You might imagine that hopping is such a specialised trait that it has constrained their evolutionary development; after all, you cannot hop backwards. Yet the seventy-odd species of kangaroo, wallaby and rat-kangaroo that currently make up the kangaroo family (we are still counting because scientists keep discovering new ones) have made their homes in a staggering variety of habitats. At least ten species of tree-kangaroo inhabit the treetops of tropical rainforests where they eat fruit and leaves and live like monkeys do on other continents. Some rat-kangaroos excavate burrows under the Australian deserts where they pursue a rabbit-like existence (though their burrows are deeper and more complex), while others tough it out on the surface of some of the most hostile, arid and unpredictable wastelands of our planet. It is no exaggeration to say that every square kilometre of the enormous region stretching from Indonesia’s Wallace’s Line to Tasmania is, or was, occupied by at least one member of the kangaroo family. They are the chief herbivores of this expansive realm, and in the sheer exuberance of their evolutionary branchings they far outstrip the great mammalian success stories of other continents such as horses, deer or antelope.
Yet so uninteresting did these amazing creatures seem to most Australians that until 1963 no one had thought to ask how kangaroos hopped, or why. As late as 1970 no one knew that the grey kangaroos seen in paddocks from Perth to Cooktown were two distinct species—a discovery as startling as if scientists suddenly realised that two species of red deer roamed Britain, or that two species of bison lived on America’s Great Plains. And as late as 1980 no one had any idea about the early evolution of the family, for no fossils older than a few million years had been studied. The year 1995 brought the revelation that a black-and-white kangaroo resembling a small panda lives atop the highest mountains of Indonesia. And today the discoveries continue: in 2003 a banded hare wallaby from South Australia was named—the only surviving specimen having lain unrecognised in a European museum for 150 years, while at least two New Guinean tree-kangaroos are yet to be classified and receive their scientific binomen. So rich is the seam tapped by researchers of kangaroo biology that fundamental discoveries continue to emerge at a rapid rate, indicating that, despite all we have learned, we are still at the beginning of understanding these animals and the country that shaped them.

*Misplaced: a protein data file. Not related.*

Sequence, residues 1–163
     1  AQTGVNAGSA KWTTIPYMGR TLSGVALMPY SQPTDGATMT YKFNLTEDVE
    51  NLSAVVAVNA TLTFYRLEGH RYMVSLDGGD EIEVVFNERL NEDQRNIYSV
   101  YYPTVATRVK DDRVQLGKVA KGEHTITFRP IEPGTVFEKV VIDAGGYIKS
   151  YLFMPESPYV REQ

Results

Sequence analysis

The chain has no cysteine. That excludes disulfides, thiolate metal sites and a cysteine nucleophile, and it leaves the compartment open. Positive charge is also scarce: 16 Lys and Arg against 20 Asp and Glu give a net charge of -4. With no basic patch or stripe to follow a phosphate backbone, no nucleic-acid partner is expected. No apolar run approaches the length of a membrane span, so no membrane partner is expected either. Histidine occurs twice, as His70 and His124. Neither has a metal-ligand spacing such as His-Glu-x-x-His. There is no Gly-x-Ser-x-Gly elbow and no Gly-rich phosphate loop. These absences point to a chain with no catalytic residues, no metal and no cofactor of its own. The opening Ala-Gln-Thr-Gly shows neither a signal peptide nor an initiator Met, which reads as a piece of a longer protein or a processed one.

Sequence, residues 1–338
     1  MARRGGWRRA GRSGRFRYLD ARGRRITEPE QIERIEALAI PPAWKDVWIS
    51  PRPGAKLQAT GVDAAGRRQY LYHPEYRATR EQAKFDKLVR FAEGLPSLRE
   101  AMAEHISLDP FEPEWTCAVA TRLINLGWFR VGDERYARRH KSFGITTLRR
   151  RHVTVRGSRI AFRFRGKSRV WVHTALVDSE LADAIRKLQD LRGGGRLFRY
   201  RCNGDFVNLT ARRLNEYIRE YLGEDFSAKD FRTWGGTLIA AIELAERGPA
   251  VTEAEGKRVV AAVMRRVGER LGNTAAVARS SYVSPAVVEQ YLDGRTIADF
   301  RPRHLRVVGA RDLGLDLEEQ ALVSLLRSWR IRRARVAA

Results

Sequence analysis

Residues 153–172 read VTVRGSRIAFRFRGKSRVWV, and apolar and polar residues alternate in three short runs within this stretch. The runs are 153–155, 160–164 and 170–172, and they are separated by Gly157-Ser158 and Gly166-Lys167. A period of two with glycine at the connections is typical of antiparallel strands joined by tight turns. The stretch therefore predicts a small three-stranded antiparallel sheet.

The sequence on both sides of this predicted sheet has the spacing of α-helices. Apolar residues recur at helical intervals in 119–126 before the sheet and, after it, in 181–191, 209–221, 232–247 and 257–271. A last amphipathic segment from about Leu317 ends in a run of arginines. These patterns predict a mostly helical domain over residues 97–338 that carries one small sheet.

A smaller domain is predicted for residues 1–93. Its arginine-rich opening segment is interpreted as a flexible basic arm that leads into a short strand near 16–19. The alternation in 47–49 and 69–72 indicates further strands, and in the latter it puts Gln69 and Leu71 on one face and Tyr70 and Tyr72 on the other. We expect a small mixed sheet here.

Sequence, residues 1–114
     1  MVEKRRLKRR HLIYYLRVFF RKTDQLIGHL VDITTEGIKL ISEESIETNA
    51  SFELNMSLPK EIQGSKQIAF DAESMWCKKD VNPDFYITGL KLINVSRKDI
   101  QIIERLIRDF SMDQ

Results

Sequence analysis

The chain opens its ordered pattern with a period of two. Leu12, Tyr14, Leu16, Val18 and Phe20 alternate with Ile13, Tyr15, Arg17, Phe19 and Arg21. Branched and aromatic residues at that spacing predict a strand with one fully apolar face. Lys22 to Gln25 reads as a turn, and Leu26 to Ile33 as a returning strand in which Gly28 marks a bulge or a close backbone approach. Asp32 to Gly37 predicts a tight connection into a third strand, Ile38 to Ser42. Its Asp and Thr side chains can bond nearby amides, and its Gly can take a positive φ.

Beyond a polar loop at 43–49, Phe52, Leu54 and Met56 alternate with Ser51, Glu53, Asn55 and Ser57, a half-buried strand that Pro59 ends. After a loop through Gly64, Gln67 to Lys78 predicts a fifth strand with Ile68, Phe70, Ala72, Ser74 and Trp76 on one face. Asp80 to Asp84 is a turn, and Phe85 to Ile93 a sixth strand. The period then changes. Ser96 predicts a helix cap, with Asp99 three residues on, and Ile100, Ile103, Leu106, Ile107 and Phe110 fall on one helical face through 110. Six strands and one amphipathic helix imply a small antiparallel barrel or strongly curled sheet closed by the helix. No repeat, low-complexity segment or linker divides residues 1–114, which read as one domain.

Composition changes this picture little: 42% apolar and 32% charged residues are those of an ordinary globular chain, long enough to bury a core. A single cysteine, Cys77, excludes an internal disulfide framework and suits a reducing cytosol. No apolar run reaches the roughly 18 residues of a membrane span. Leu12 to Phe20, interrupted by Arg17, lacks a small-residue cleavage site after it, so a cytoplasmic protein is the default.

Although they are diverse, the living kangaroos are a mere shadow of the stupendous variety that once existed, for as recently as 50,000 years ago there were over 100 kangaroo species, including some true giants. I first became aware of these ancient behemoths in the early 1970s when, working as a teenage volunteer at the Museum of Victoria, I was entrusted with cleaning the fossilised skeletons of extinct kangaroos that were twice the size of any living species. My studies later broadened to become a quest in time and space aimed at understanding the entire evolution of the kangaroos, from their obscure beginnings to the monsters of the ice age—great flesh-eating kangaroos and kangaroos with ape-like faces—that seemed to have stepped out of a Grimm fairytale.